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New Ipad & Iphone 4S charging voltages
July 31, 2012 1:26 PM   Subscribe

Hi, I have a 3rd party iphone charger which supplies 5.2 volts. It charges the iphone 4s alright but cannot charge (charging symbol is not shown on screen) on the new ipad. With a multimeter I measured the original chargers' outputs. They vary between 5.12-5.15 voltages for both of the devices. So, my first question is whether you know which smart apple technician decided that so little deviation from the standard is not acceptable Secondly, do you know what are the extra voltage tolerances for both of the devices? (Apparently, they are less than 2 percent) Cheers!
posted by raphael19 to Technology (14 answers total)
 
Have you left the charger for any length of time? I've found that even with the "not charging" warning on the iPad 1, 2, 3 scattered among my friends and family, a trickle charge occurs.
posted by tilde at 1:32 PM on July 31, 2012


The issues is most likely not voltage, it's current. The iPad charge can supply more current. If you could measure the voltage of the chargers when they are charging, you would likely see that the 3rd party charge voltage was much lower than the iPad charger.

The current specs of each charger are probably on the labels.
posted by Long Way To Go at 1:32 PM on July 31, 2012 [3 favorites]


As tilde implied, it may actually be charging, albeit at a slower rate.
posted by alms at 1:32 PM on July 31, 2012


1) Original Iphone 4S charger supplies 5.12-5.15 volts and 1.0 amperes. It works on the Ipad. (I know it will take more time to charge with respect to a 10W charger)
2) Third party charger supplies 5.2 volts and 1.0 amperes. It does not work on the Ipad.
posted by raphael19 at 1:36 PM on July 31, 2012


The iPad charger I have sitting here is rated at 5.1V, 2.1A.
posted by primethyme at 1:37 PM on July 31, 2012


I recently needed a charger for an iPhone. I found that the reviews for aftermarket chargers for iDevices were typically negative, sometimes blaming the chargers for damaging the device. Might be worth considering buying an OEM charger, those are expensive devices.
posted by HuronBob at 1:43 PM on July 31, 2012


There's no way that little of voltage deviation would cause the problem. Most likely your third party charger is supplying less than the rated current, especially if it's a cheap knockoff.
posted by ReadEvalPost at 1:46 PM on July 31, 2012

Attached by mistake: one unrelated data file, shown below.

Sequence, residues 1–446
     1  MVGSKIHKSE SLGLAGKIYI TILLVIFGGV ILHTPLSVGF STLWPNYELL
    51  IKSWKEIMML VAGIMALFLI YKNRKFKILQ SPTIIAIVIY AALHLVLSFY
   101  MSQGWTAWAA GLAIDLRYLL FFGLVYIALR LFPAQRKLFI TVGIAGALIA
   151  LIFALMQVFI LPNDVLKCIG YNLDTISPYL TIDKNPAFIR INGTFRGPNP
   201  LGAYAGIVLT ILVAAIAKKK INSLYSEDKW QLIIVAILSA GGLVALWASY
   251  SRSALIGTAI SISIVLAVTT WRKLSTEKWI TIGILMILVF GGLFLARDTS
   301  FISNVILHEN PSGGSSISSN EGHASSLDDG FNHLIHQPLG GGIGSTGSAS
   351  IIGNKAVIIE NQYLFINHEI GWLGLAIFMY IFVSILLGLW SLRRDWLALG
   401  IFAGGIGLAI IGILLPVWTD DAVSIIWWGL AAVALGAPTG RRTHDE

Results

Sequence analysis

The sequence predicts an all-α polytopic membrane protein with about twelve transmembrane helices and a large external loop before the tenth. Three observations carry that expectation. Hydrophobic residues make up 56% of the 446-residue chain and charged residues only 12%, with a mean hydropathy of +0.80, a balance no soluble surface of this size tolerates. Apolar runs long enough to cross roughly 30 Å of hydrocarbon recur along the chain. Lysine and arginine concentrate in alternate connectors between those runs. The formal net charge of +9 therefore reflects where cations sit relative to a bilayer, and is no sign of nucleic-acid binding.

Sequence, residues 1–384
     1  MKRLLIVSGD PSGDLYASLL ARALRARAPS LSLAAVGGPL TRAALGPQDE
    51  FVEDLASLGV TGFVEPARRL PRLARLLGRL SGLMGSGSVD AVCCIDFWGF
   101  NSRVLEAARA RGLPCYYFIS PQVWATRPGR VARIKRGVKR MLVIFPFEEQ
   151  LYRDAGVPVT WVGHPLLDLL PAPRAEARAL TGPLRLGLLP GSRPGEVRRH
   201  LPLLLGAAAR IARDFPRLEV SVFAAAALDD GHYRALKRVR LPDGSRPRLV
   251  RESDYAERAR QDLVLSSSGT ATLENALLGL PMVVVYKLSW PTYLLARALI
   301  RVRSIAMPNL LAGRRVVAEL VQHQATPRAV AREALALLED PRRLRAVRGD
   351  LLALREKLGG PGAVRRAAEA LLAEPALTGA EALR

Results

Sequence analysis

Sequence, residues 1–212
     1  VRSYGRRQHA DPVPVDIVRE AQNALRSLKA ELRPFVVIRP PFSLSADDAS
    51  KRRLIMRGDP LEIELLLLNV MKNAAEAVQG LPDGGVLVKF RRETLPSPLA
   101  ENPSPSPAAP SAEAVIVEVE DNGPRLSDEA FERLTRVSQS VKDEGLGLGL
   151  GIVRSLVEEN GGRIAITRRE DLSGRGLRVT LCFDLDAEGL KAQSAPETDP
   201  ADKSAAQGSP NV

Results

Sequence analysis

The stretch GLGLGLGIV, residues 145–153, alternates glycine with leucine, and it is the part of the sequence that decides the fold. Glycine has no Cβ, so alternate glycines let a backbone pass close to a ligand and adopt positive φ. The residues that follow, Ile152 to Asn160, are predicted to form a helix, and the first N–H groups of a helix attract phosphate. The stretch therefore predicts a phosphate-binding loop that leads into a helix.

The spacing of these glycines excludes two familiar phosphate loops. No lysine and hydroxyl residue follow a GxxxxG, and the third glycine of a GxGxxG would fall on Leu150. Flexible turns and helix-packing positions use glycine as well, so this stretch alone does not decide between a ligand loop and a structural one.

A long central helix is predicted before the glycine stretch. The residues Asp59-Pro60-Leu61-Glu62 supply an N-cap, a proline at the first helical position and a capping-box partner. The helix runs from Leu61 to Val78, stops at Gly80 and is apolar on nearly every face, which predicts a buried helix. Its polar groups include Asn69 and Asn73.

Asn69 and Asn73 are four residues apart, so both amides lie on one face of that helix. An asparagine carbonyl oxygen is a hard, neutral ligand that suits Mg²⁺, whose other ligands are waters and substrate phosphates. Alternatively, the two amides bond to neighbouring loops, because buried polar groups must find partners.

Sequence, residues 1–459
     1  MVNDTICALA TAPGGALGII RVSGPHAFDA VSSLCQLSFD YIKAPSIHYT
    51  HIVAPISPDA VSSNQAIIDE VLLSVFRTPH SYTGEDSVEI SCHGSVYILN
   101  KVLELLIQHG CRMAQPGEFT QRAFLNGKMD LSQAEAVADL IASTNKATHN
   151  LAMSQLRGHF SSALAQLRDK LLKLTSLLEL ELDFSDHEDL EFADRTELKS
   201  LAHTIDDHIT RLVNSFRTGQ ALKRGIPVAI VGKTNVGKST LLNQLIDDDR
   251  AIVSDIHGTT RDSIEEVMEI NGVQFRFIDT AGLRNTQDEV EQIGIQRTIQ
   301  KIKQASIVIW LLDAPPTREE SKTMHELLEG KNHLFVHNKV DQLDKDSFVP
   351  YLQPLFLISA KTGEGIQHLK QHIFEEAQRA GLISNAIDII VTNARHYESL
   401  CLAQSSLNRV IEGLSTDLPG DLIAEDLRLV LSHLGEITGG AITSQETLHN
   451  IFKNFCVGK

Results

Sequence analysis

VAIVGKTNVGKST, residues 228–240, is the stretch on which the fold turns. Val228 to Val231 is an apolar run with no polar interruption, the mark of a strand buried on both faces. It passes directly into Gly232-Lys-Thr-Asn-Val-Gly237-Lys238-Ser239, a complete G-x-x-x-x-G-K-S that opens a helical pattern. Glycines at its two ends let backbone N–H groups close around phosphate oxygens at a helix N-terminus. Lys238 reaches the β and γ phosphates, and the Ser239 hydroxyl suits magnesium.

USB devices that are intended for charging are built to send "hints" to the devices that are plugged into them. The V+ and GND lines are 0 and 5VDC, respectively, but the D+ and D- lines are set to specific voltages. Those voltages can be measured by smart devices to allow the device to determine whether the charger is capable of supplying the required current, in lieu of requiring every charger to have a microcontroller that can negotiate with the device.

Your charger does not or cannot supply the required current, and tells the iPad this. The iPad then refuses to charge. It can, however, supply enough current to charge an iPhone 4S. Likewise, the iPhone knows this, and will charge.
posted by TheNewWazoo at 1:46 PM on July 31, 2012 [3 favorites]


It's not the volts it's the amps. iOS devices have a signaling protocol that tells the charger to dial up the current, and not all chargers support it. You will always get at least the USB minimum of half an amp unless the charger is not to spec. With its own charger the iPad draws 2.1 amps.
posted by w0mbat at 1:47 PM on July 31, 2012


For more information, see this overview.
posted by TheNewWazoo at 1:47 PM on July 31, 2012


iPad's have always demanded higher current charging. Chargers need to signal to the iPad that they can deliver this 2A charge. Most 3rd party chargers don't do that even if they can handle 2A.

Macs have been supplying 2A on USB for ages so iPads charge fine on integrated Mac USB ports. This tends to make people assume they can charge their iPad on any ol' USB port but it isn't true.
posted by chairface at 4:35 PM on July 31, 2012


Measure the resistance between D+ and D-. If it is more than 200 ohms, then the iPad is only permitted to draw a maximum of 100 mA from the charger. 100 mA might be enough to charge you phone but not enough for the iPad.

If the charger does not have connections for D+ or D- or high resistance between those pins, you might be able to get your iPad to charge by connecting a 200 ohm resistor between those two pins. The iPad then sends a small voltage into D+ (0.7 volts), through the 200 ohm resistor and then detects it on D-. This tells the iPad that it is connected to a high-power charger, allowing it to draw up to 1.8 A.
posted by JackFlash at 5:20 PM on July 31, 2012


Macs have been supplying 2A on USB for ages so iPads charge fine on integrated Mac USB ports. This tends to make people assume they can charge their iPad on any ol' USB port but it isn't true.

iPads should charge on any PC USB port because it will provide up to 500 mA charging current. You may need to turn off the screen and charging may be slow, but it will charge on any PC USB port. It will not charge on an unpowered hub that can only supply 100 mA.
posted by JackFlash at 5:52 PM on July 31, 2012


This page from LadyAda has a pretty detailed analysis of iPhone/iPad charging specifications.
posted by neckro23 at 6:13 PM on July 31, 2012 [1 favorite]


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